An estimated 2,000 residential units in 52 buildings in Jackson Heights, Sunnyside, Woodside, and Flushing are expected to be sold to Apollo Real Estate Advisors &Vantage Properties LLC in a $300 million deal.Apollo Real Estate Advisors & Vantage Properties LLC is an international real estate firm with offices in Manhattan, Los Angeles, Atlanta, London, India and Luxembourg. According to its Web site, the firm owns hundreds of buildings throughout New York City.Robert McCreanor, an attorney with the office, said he hopes to caution tenants about possible consequences of the sale in at least 15 of the Haros buildings before the deal closes."We want the company to know we know what's going on," he said.McCreanor said Vantage may begin suing to evict the current tenants."They try very, very hard to evict as many tenants as they can from the building," he told a gathering of tenants at 41-46 50th St. "We've seen this company sue to evict even when the tenant's name is on the lease."The 20 to 30 tenants who met among the freshly painted columns and arches in the lobby said things have improved in the building since McCreanor started working with them five years ago, but there are still problems, including the lack of a superintendant."A super is very important," said Uriel Gaviria, 55, who has lived in the building for 30 years. "If the police or fire come, who's going to let them in?"Eduardo Van Arcken, 51, has lived in the building for 16 years. He said it also lacks security and a cleaning staff."There's nobody to ask for any repairs," he said.Chu Sung Hun, 32, who has lived in the building for four years, said pipes from the bathroom above his apartment leak through his ceiling. He said the building staff painted over the water-stained ceiling, but did not fix the leak."They're trying to just keep it OK so the deal can go through," McCreanor said.Haros has a history of controversy as a landlord, including a spot on a list of the 2005 top 10 worst landlords in the city issued by the advocacy group Housing Here and Now. His properties in the borough accumulated close to 6,000 violations that year.Tenants were no fans of Haros' management, but said they were uneasy about the building's pending sale."I saw people around the buildings, people taking pictures," Gaviria said, noting he felt safe about his own lease, but worried about how his neighbors would fare.Ruth Perez, 51, who has lived in the building for 27 years, worried about future evictions."Somebody has to do something about it," she said.Hun, who came to the meeting late, said he was baffled by the news of the building's sale."I have no idea," he said. "What can I do?"Reach reporter Jeremy Walsh by e-mail at jwalsh@tim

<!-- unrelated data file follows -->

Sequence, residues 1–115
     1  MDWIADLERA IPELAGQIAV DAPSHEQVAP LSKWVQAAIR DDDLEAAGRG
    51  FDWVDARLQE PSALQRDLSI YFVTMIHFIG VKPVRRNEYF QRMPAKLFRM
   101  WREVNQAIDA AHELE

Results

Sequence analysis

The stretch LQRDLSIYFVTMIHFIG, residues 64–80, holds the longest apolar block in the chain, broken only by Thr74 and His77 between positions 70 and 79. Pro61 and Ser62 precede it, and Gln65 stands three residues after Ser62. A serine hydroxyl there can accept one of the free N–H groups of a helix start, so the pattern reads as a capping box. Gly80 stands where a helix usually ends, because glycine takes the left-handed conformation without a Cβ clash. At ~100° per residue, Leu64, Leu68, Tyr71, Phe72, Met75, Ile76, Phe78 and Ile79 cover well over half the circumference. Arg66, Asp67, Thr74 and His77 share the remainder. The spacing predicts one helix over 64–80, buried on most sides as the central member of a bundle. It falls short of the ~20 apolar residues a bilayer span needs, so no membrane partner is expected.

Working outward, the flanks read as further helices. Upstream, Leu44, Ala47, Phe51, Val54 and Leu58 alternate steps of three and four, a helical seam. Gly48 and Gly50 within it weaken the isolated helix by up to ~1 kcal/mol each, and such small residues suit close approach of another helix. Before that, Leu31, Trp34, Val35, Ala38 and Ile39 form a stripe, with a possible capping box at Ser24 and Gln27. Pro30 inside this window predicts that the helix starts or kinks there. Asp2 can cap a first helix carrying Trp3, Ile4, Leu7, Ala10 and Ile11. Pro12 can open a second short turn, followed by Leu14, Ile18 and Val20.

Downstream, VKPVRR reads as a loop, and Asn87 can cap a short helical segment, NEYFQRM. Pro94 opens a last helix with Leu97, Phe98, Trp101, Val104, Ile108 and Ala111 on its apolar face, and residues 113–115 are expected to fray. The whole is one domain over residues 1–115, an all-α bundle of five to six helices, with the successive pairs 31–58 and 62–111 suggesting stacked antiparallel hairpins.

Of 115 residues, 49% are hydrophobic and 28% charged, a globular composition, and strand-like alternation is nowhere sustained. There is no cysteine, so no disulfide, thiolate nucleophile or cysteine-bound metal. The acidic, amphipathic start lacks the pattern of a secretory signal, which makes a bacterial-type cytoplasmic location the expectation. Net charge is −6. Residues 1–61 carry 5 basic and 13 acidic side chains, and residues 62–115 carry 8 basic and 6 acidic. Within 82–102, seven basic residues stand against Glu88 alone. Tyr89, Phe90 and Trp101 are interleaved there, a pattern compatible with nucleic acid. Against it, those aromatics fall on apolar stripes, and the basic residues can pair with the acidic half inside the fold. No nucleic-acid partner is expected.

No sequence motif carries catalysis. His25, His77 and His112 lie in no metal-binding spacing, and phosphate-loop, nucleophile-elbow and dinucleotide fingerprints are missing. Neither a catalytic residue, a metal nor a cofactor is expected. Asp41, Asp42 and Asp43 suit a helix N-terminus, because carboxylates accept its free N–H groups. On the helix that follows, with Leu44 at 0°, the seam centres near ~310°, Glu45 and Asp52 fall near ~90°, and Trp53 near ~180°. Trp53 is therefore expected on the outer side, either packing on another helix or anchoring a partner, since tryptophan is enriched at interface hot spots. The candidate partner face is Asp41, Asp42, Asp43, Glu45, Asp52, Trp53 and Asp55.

©2008 Community News Group
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